Warning: Some spoilers follow
Season 2 of AMC’s The Walking Dead is nearing its midseason point, and apparently it sucks, at least according to a vocal minority of viewers. Why? Too much talking and not enough action. With a name like The Walking Dead, each episode should be wall-to-wall flesh munching zombies and humans gunning down undead with head shots on the wing. Or so the detractors say.
Me? I’ve been enjoying the heck out of the series, and think it’s pretty darned perfect as far as serialized television goes. The Walking Dead isn’t just about zombies. It’s also a human drama, and I’m hooked.
But I guess characterization and engagement with philosophical and moral questions aren’t what the zombie diehards want. Here’s a real sampling of some of the comments I’ve found:
Boringggggggggggg. who cares about the season finale now, season 2 is a flop
I was dreading what was going to happen with Darabont being fired and the budget being cut, and now I know. Six episodes of searching for a lost girl, dragging storylines and lots of monotonous dialogue.
The show is now pure talk and no action. The whole season stuck in a farm, wtf, join the facebook page: The Walking Dead season 2 sucks
Unfortunately this type of reaction (admittedly from a minority—the show remains incredibly popular) reinforces the reputation of genre fans as anti-intellectual and intolerant of anything that strays outside familar formula. Readers of Black Gate have likely encountered the swords and sorcery fan who claims to love Robert E. Howard’s Conan, except for all the distracting digressions on barbarism vs. civilization, or his Kull stories, except for the boring philosophizing. We’re now seeing the same type of reaction by zombie fans critical of The Walking Dead. They need more blood, more violence, more action.
To be honest, I love gore and flesh-munching, too, else I’d be watching Law and Order re-runs or House, but that’s only half of the equation. The Walking Dead is great because it’s a smart show with a lot going on under its bloody surface. Its title could easily pertain to the survivors, who are struggling to maintain their humanity in a world in which animalistic survival threatens to consume basic human decency. Some of the most dangerous critters on the show aren’t the undead, they’re guys like Shane who will do anything to save numero uno.
The show also grapples with deeper issues. For example, when do you draw the line between the life of an individual vs. the survival of the larger group? Which comes first: morality, or survival?
It’s also topical. Take the current Lori and Rick abortion debate, and the difficult choice of bringing an infant into the cruel world. Sure, things are really awful in The Walking Dead, but the same could be said for children in our world brought into crushing poverty and crime, and global warming and suicide bombers. Into a world in which, as a young Carl observes with hard-bitten sobriety, “everything is food for something else.”
The Walking Dead also is applicable to events in our not so recent past. Hershel’s Farm has allusions to slavery—beneath the beautiful, tranquil, well maintained fields is a class of “others” kept locked up in a barn, a source of shame for a Southern gentleman farmer. Yeah, the zombies are cool too, but so is the concept which they may (or may not, depending on your own analysis) represent.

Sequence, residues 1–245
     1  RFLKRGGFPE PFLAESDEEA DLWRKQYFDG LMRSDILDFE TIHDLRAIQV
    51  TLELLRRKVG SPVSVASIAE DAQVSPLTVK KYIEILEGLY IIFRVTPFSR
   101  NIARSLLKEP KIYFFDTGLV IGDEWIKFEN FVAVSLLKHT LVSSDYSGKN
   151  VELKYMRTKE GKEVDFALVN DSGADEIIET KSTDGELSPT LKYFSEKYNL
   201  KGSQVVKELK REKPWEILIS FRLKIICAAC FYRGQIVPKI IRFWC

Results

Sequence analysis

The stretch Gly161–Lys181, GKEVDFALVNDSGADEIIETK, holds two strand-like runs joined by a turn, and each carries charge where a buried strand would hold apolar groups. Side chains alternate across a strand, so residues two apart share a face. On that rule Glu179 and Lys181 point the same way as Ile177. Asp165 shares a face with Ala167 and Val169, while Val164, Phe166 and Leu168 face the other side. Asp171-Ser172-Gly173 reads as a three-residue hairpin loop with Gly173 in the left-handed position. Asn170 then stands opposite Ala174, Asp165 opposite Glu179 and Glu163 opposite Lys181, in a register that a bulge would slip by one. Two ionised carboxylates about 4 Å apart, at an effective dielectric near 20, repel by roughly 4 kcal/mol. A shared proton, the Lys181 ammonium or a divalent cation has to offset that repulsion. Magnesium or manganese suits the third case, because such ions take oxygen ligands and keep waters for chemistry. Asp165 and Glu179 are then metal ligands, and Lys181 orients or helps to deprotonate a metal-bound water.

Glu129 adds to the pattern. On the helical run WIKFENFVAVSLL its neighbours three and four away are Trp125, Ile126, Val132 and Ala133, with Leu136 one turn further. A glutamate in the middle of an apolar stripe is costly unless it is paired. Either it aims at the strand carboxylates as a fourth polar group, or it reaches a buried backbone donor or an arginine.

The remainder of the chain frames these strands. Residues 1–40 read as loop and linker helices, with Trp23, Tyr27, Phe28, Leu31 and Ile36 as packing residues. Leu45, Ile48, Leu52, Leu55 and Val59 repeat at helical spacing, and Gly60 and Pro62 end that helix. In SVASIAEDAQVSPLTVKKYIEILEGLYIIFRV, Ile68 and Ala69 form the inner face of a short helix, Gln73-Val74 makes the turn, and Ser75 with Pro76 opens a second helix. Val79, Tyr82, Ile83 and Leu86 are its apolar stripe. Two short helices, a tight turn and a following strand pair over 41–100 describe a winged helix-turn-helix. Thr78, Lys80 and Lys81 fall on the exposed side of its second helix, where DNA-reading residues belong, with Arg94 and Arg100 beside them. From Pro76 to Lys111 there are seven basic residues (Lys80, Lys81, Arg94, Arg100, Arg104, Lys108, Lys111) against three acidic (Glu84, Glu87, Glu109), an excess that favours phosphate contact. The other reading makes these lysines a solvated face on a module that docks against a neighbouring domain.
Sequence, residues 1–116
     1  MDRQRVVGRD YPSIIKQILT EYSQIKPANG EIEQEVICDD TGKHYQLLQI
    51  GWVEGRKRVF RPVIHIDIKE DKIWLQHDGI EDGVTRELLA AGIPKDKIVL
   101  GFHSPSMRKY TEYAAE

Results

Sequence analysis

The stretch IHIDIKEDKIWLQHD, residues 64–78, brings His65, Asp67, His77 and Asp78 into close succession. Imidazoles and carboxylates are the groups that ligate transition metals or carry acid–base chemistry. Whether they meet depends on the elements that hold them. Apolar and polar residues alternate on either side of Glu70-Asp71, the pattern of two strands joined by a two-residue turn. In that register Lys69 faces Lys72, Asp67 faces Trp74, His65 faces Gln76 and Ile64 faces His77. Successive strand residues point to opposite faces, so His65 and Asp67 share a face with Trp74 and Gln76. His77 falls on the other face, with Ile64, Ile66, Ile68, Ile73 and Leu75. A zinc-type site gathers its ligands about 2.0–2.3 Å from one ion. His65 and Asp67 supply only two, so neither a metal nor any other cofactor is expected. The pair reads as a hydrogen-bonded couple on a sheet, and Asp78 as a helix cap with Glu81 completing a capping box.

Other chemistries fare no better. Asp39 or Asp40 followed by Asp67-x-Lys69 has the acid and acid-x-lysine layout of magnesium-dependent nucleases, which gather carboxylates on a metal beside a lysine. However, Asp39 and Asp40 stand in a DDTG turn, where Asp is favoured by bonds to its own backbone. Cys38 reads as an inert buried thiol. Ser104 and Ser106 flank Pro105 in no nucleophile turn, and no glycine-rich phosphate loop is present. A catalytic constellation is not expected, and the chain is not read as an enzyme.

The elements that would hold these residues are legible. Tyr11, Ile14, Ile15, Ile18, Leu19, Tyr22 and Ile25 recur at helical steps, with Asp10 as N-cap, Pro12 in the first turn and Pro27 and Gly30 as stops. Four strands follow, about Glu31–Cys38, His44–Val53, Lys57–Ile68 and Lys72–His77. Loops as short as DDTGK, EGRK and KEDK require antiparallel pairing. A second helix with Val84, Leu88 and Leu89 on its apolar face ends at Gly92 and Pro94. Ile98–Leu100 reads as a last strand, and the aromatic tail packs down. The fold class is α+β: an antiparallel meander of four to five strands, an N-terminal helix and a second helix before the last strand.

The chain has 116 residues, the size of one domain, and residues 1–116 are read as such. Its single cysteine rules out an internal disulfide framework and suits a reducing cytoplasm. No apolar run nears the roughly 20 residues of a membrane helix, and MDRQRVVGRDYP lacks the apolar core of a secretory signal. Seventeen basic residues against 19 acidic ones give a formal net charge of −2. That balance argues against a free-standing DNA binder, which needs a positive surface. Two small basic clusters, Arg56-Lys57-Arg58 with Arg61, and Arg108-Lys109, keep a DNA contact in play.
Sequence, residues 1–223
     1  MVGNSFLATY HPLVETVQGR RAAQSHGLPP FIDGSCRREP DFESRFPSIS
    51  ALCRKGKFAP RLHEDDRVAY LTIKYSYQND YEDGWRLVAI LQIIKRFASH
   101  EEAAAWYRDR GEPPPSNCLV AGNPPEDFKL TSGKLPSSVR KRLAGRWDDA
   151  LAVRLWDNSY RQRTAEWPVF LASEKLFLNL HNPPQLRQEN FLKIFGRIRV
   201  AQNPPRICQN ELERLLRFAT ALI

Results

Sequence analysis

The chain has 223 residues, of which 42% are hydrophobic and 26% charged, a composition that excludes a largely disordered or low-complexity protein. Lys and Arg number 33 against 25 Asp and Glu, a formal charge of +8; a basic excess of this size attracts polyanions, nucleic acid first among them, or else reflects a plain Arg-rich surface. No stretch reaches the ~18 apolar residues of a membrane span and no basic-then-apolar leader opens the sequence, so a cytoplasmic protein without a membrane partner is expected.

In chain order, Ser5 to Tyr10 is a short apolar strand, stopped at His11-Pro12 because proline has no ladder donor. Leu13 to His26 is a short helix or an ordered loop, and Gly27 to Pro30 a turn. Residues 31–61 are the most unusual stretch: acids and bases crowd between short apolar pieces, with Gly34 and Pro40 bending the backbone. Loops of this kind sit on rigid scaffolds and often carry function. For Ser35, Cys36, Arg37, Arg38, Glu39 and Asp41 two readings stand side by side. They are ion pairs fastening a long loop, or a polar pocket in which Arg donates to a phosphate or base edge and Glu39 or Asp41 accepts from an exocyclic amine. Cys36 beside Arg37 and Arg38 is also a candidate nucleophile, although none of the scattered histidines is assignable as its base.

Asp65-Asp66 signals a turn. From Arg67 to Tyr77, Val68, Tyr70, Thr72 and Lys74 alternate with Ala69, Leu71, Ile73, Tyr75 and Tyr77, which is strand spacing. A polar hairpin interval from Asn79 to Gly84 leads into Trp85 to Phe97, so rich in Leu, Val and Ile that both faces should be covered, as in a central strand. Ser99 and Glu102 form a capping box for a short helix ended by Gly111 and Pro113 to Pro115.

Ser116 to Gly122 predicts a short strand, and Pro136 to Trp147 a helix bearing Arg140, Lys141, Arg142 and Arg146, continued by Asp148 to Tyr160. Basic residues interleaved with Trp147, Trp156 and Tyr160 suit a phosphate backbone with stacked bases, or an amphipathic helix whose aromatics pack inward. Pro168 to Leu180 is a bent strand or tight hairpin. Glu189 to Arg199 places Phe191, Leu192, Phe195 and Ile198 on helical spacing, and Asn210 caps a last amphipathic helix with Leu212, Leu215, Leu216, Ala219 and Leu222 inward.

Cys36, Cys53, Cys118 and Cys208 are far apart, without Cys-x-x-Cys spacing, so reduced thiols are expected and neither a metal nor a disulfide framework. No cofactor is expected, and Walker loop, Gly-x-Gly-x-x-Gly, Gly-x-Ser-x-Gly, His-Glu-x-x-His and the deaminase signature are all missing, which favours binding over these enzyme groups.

All that said, I don’t think The Walking Dead is perfect. Its most glaring weakness is a too heavy reliance on the old horror trope of smart people doing really dumb things. Like sleeping outside in nylon tents, or failing to institute routine guard duty. Casual strolls into town for supplies, or Darryl riding off on his own to search for a missing girl. The most eye-rolling moment has to be lowering Glenn into a well with a rope to try and haul a zombie out of chest deep water. Sure, it made for some tense moments, but it’s utterly unbelievable—about 1,000 things could go wrong in this scenario (and of course, predictably, one did). Even had Glenn succeeded, the survivors would have had access to well water infected with the oozings of a bloated and rotting undead corpse for weeks. Yeah, dumb decision all around.
But these are minor complaints. As for the criticism that the show is moving too slow, I also disagree. Stuff happens every episode. Carl accidentally shot by Otis. Rick finding out that Lori is pregnant. Zombies in the barn at Hershel’s Farm. Shane offing Otis to save his own ass. Sure, there’s no epic clashes with military forces like you get in World War Z, or Dawn of the Dead-style battles between zombies and biker gangs, but you can get that great stuff elsewhere. I haven’t read The Walking Dead comic series, but from all I’ve heard there’s going to be bloodshed and merciless deaths a-plenty. None of which would have any real impact without us identifying with the characters and developing emotional attachments to them. This is why we’re getting fed the “boring parts.”
The action hounds ought to be careful what they wish for. Sure, you can amp up the action, but as I see it one of two things must result: Either the show will strain credibility with our heroes gunning down hordes of zombies every week, or you’ll quickly lose everyone to infected bites/zombie chow. Either way it doesn’t bode well for the show’s longevity.
In short, the zombie genre is more than gun fights and gore with nu-metal soundtracks blazing away in the background. If you want that, go play Zombie Apocalypse. Watch any of the literally scores, maybe hundreds, of Grade-B, straight to video zombie films. You’ve got multiple Resident Evil installments to choose from. In the meantime, I’ll be enjoying The Walking Dead taking its sweet time telling a great story.